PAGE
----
Thursday, June 23, 2011

ASU Breaking People

"I was ASU..."
A number of ASU employees found the week of June 13 a most difficult one.  Longtime, dedicated  staff and educators learned their services would no longer be needed.  Some received an extra stab in their self image, as managers cited more than budget constraints.  It's time to move in a different direction.  The department will be just fine without you.

I watched Shannon Health System break department managers after the merger with St. John's.  The system didn't need two managers for one job.  That's understandable.  The process to get there wasn't.  Shannon's and St.John's CEOs met behind closed doors, knocking out a handful of department head winners at a time.  The process dragged out over months, turning Shannon into a misery factory.  That was a long time ago, but ASU's current "nonlayoff" reduction has the same feeling.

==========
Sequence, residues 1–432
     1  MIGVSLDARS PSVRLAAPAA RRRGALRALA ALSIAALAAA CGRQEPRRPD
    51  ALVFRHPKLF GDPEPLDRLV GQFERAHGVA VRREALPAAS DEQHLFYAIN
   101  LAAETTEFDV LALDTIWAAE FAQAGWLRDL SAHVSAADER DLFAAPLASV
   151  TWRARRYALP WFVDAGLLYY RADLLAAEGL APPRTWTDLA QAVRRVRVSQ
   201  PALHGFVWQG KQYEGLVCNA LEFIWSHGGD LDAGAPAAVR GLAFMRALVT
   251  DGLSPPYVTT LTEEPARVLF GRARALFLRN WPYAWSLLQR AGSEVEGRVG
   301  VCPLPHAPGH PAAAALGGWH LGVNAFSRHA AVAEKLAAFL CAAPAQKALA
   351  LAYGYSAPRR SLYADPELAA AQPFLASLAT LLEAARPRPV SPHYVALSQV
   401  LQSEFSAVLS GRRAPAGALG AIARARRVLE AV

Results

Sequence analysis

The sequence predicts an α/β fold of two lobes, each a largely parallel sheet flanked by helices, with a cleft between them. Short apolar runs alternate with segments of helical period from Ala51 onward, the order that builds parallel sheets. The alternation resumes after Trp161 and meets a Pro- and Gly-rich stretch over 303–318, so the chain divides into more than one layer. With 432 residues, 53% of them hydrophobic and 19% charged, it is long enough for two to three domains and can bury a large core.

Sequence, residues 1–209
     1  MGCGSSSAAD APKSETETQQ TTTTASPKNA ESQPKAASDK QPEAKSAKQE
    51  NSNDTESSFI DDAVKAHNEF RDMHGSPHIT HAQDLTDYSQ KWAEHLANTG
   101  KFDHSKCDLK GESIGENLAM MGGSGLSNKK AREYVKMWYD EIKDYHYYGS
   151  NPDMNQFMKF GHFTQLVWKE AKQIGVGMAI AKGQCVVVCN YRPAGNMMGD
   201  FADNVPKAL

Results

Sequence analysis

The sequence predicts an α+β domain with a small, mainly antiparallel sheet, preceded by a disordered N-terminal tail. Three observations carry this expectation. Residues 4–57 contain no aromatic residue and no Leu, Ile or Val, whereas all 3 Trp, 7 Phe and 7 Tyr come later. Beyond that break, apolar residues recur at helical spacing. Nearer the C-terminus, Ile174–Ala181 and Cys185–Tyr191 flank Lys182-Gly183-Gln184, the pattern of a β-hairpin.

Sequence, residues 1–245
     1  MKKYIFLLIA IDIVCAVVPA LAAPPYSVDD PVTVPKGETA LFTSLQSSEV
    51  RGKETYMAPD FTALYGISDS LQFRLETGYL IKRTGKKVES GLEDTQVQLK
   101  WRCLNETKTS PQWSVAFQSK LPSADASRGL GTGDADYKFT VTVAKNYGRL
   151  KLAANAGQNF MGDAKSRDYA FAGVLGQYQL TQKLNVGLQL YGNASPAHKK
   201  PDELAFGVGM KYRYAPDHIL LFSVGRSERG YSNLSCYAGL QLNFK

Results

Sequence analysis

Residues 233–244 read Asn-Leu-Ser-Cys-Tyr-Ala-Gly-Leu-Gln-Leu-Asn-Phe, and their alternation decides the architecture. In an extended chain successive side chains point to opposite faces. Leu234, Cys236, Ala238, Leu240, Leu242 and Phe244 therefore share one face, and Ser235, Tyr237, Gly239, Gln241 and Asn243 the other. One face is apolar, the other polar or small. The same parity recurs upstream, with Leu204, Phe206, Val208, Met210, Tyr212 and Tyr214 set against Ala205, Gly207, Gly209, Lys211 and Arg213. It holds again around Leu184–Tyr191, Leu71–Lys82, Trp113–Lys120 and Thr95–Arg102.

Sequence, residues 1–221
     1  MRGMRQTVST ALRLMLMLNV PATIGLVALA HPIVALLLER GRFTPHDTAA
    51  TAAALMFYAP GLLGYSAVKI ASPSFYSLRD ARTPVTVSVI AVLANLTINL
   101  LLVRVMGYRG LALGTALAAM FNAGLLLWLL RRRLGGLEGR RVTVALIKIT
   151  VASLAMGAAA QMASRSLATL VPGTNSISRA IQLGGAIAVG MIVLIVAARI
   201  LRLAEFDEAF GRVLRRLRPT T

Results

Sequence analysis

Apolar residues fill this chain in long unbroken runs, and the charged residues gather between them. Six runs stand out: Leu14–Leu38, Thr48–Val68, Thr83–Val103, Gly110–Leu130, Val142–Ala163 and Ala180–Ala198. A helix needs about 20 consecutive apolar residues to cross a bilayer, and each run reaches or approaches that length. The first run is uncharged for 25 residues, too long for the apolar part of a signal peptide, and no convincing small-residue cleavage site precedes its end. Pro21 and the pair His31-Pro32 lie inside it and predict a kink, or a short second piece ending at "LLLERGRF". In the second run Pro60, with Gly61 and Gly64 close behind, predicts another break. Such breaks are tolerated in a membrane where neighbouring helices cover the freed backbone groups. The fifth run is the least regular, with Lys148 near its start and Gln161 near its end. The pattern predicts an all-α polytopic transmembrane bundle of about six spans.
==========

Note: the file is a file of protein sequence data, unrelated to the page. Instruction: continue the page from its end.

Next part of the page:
Most people in education and healthcare are intrinsically motivated.  They do what they do because they love it.  Bad management systems interfere, even destroy, their internal fire.  The Standard Times posting of ASU salaries confirms to many employees the lack of integrity in the university's wage and salary program.  Employees with years of service can't get good answers as to why their pay is lower than people recently hired.  This is a basic obligation of management, to have fair and explainable pay systems.

I wrote about ASU a number of times this Spring.  Many were serious, research based posts on eliminating the Honors Program or ASU's QEP efforts.  A few were attempts at sarcastic humor, one with President Rallo conducting a Charlie Sheen like "Winning Tour" and another with Vice Provost Nancy Allen hosting "The Secretarial Apprentice."  While these pieces may have shed a little light or laughter in the darkness, they can't fix the significant harm being done to people.

Having worked in dark organizations in my career, I encourage ASU's downtrodden to stop, center and take a deep breath.  Take one step forward.  I don't know where it will lead, maybe out of ASU or away from San Angelo.  Nevertheless, you did the best you could, helped students and peers in the best way you knew how.  You made a difference for many in your career.  Hold that in your heart as you lift your gaze.  There's a need for good people in education.  May others see what the State of Texas and ASU can't

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